I knew one young lady who had been in New York for three years working in a candy store and had not yet found an agent. So, her life is going away; she’s not any closer than the day she left, and that’s ridiculous. It seems to me to take a job beneath your abilities, just hanging on, hoping to get an agent, and after that it doesn’t guarantee you’ll get a part anyway; so—I couldn’t see that. I thought she should come back to Dallas and get an agent the next day, read an audition, have some credits. Then, if she wants to go back, so that she could get an agent the day she arrives and begin to go out on auditions. A lot of people are doing that, and it’s kind of sad.

Conn: I guess they feel like that’s the only way.

Harrell: I guess they felt like that’s the way they want to do it. I talked to that young lady, and I didn’t even realize she wanted away from her parents more than anything else. And that job in the candy store put her in New York City and away from her parents. It wasn’t getting her anywhere, but at least she was away from her parents. I finally decided that’s what she really wanted, and that’s what she got.

Conn: You’ve done so much professional work; how come you haven’t decided to go out to California?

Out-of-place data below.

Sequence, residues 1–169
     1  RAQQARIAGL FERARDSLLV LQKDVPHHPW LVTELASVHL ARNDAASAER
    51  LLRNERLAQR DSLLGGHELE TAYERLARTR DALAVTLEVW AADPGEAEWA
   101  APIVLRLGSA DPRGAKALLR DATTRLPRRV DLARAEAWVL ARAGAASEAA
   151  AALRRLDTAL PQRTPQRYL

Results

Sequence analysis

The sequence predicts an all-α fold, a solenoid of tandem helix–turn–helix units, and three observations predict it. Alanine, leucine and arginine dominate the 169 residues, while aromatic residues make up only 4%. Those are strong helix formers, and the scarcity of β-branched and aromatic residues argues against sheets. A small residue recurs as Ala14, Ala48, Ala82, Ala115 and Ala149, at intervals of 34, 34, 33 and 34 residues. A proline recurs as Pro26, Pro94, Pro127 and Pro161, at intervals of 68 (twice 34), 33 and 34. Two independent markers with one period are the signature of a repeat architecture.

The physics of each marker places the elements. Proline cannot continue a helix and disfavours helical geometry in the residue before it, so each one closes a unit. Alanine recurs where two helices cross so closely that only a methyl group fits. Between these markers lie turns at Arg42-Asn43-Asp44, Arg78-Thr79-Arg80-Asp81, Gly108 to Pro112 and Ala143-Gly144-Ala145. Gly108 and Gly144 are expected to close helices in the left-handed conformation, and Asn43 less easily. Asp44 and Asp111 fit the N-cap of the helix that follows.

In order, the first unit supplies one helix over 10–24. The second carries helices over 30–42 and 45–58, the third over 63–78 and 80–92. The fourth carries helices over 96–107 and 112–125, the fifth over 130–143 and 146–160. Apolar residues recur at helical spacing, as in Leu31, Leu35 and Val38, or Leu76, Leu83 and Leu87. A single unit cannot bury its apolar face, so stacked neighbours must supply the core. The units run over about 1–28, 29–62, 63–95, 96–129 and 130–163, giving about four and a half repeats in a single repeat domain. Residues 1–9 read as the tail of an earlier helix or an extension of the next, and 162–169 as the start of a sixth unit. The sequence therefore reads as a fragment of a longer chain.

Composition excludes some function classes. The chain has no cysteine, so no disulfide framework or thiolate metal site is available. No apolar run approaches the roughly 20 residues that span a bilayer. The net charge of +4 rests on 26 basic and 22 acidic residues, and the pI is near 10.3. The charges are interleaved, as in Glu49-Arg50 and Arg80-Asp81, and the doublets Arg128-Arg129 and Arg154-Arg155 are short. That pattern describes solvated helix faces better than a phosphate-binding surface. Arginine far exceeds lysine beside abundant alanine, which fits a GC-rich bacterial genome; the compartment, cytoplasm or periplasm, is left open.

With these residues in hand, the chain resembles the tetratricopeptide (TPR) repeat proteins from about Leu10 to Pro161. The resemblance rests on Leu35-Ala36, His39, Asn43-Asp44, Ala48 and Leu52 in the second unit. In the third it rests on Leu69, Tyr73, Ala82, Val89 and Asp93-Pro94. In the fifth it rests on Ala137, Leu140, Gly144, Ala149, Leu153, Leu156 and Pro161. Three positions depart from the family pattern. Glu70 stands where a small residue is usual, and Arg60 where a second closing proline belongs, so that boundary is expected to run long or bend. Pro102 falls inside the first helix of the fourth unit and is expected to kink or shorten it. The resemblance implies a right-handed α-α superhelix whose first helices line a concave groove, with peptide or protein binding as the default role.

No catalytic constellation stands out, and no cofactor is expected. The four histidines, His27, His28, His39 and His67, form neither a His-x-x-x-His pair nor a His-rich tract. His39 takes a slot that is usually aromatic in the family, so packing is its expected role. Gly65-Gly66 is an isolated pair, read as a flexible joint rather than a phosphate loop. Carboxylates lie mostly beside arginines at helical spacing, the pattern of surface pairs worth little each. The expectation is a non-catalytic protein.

Harrell: I’ve been there. And I have very mixed feelings about fame. I’m not interested in fame. I’m interested in their money. But I have friends who were rich and famous, and somebody I knew in Hollywood went over there. And I had always wanted riches and fame. I thought I did, and then I got close enough to see it a little bit, and I began to be equivocal about it. I wasn’t all that sure. Yes, it would be nice and all, but if you get famous, they give you a lot of money, but what are you selling? And do I want to sell it? How will I do without it? Because it’s like once you’re rich and famous, I have great pleasure in being a private person. I like to be able to window-shop in the evening. I like to be able to go to the Laundromat if I want to and wash my clothes, or any such private affair, go to the grocery store. And once you get rich and famous, you can’t do that anymore. And I got close enough to see it. Friends of mine who are rich and famous—Yul Brynner and Hurd Hatfield, and they were hot as a pistol, and I couldn’t quite make up my mind. And unless you have a single purpose, you’re not going to do any good. So I began to say, “Well, I do and I don’t.” I began to go to the beach more than I paid attention to business. And letting it slide, so I just left town—I gave it up. I didn’t expect to ever be in the theater anymore. But, life is interesting, and there is destiny to it all, I guess, and here I am back in it, so—